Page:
Men: talk less, smile more to help fix equality deficit

Pretty sure I’ve discovered how to get rid of the gender pay gap.

Here’s why men get the big bucks and the bonuses. Michelle Ryan, director of Australian National University’s Global Institute for Women’s Leadership, is blunt.

Men talk. A lot. “In all the ways they get attention, men take up space. They take credit for women’s achievements, it’s attention-seeking, look-at-me behaviour. And we don’t even notice men are taking up all the space – but it’s how we determine worth,” says Ryan.

Research from the Workplace Gender Equality Agency reveals men get paid more than women across industry, role or age. When blokes say “show me the money”, we say “yes”.

Here’s what the research says about men and talking. Boys get the majority of attention in class, wrote scholars David and Myra Sadker and Karen Zittleman in 2009. Women in congressional hearings in the US are more likely to be interrupted than men, also in the High Court of Australia. Even the ABC’s panel show Q&A is not immune (anecdotally better when Virginia Trioli is in charge).

What does the research say about women and talking? Veteran linguistics researcher Deborah Tannen says they talk much less and police themselves much more, for fear of being seen as “too aggressive”. And let’s not even talk about what happens when men go out to dinner with their doting wives.

Only one way forward: change male behaviour. Maybe take the advice of Aaron Burr, antihero of Lin-Manuel Miranda’s Hamilton: talk less, smile more. It won’t be easy. But women are so sick of being told to change their behaviour that maybe it’s time for blokes to step up. Or, ahem, shoosh up.

Here’s what Diane Smith-Gander does. She’s been on more boards and had more senior appointments than I’ve had fancy dinners (and I love fancy dinners).

“I interrupt everyone. I am a serial interrupter. I can give a masterclass in it and actually do when I speak to young women. I tell them to learn the art of the elegant interruption or they will spend their life listening to men. I have to make a self-deprecating joke about it in mixed company to get away with it.”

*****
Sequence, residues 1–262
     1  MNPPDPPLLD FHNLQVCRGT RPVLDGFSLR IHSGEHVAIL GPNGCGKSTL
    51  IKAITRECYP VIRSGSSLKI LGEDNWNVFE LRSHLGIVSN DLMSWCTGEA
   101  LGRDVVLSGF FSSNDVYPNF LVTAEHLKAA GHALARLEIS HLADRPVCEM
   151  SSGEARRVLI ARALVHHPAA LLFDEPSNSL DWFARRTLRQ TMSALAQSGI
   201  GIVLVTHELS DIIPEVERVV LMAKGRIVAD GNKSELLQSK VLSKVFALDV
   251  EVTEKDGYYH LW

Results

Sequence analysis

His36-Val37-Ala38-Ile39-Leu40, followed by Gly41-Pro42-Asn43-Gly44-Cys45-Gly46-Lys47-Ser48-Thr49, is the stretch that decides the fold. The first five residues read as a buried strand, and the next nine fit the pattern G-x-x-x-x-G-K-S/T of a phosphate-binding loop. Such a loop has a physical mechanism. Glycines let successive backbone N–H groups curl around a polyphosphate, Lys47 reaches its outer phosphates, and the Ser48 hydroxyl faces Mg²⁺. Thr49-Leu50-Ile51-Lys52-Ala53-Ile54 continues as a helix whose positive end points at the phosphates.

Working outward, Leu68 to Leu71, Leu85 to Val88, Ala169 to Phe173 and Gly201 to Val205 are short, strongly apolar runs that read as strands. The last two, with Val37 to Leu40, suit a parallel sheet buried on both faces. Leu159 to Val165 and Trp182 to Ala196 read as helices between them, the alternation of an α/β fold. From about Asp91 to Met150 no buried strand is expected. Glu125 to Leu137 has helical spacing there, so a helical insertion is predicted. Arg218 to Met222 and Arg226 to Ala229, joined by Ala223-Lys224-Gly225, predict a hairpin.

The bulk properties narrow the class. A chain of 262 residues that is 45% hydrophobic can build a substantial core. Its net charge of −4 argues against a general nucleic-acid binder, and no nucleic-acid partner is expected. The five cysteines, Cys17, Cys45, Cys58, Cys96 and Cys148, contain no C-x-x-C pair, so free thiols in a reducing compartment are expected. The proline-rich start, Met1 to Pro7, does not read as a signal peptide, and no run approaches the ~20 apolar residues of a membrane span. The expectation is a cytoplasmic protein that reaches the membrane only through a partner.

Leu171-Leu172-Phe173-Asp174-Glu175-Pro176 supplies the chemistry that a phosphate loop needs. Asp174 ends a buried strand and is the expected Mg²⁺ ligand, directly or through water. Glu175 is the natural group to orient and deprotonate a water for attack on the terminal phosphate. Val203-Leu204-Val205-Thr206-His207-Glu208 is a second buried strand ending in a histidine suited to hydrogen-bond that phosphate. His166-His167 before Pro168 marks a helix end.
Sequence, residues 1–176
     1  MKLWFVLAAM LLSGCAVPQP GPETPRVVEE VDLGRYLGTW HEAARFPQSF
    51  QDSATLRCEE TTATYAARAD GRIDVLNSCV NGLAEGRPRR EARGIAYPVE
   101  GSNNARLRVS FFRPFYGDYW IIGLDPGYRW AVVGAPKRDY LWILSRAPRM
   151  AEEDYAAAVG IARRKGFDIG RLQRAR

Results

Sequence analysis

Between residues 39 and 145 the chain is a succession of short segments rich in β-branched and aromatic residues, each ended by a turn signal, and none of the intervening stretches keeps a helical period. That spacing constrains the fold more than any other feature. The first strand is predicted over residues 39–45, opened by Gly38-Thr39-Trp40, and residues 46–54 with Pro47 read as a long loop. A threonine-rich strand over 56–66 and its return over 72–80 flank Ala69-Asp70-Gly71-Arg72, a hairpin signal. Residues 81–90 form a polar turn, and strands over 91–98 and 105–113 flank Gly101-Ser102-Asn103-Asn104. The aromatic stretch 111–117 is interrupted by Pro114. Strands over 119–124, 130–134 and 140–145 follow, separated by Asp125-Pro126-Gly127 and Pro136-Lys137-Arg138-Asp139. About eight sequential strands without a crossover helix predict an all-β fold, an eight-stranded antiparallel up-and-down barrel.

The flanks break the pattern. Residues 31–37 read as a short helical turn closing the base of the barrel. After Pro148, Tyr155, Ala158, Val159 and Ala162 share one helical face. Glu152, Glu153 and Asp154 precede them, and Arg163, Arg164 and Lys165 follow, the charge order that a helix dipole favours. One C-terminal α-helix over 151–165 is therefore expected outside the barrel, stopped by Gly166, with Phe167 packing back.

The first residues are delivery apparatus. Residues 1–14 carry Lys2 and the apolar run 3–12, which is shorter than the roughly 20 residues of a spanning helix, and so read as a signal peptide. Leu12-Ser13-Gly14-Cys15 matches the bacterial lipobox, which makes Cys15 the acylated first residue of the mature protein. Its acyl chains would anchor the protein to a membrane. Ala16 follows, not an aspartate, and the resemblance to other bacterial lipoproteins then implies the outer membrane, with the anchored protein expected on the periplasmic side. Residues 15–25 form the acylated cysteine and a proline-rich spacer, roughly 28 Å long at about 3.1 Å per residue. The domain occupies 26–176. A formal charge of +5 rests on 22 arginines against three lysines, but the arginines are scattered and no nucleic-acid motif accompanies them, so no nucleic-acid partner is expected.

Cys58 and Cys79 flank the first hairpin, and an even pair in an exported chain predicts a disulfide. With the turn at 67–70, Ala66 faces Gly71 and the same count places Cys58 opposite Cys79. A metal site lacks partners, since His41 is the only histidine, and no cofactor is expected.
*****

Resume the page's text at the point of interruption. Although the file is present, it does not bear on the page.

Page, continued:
Did she always?

Men get a bonus if they are slightly more talkative than the average person. Women are perceived to be incompetent when they talk “too much”.

“I think I always interrupted as I wanted to be heard, but it wasn’t until I was working with Ann Sherry at Westpac in my mid-30s I realised what was going on. Ann was working on killing off men co-opting women’s ideas.”

Despite Sherry’s heroic effort, that hasn’t quite died out. We are in solidarity with Punch cartoonist Riana Duncan’s Miss Triggs, whose boss commended her suggestion and said: “Perhaps one of the men here would like to make it.” There’s a term for that: bropropriating.

One extremely, extremely senior woman I spoke to (swore-on-the-bible I wouldn’t name her) told me men line up to talk in meetings. A woman might get a word in, but men aren’t hearing her, instead are waiting to say their next important thing.

“Men aren’t active listeners,” she sighs.

So what about my idea of getting men to stop talking so much? She mocked me openly. “That’s never going to happen.”

Terms like mansplaining, manterrupting, bropropriating might trivialise and generalise to all men what is damaging behaviour. It’s true all men don’t behave this way. But enough do to stop the real change we need to get the best out of everyone and reward everyone equally.

I run my idea past Ginka Toegel, professor in leadership at IMD Business School in Lausanne, Switzerland. On Zoom, she looks at me quizzically. Men get a bonus if they are slightly more talkative than the average person. Women are perceived to be incompetent when they talk “too much” particularly at their first managerial position.

“Men start talking when they start thinking.”

I run my genius idea to get men to talk less past the director of the Workplace Gender Equality Agency, Mary Wooldridge. Silence.

“As amusing as that would be, it wouldn’t work.”

The only thing that works is more women in the room, she says. Transparent pay data. Targets. Quotas.

Big societal shifts. It’s then norms will change. And maybe even Norm.

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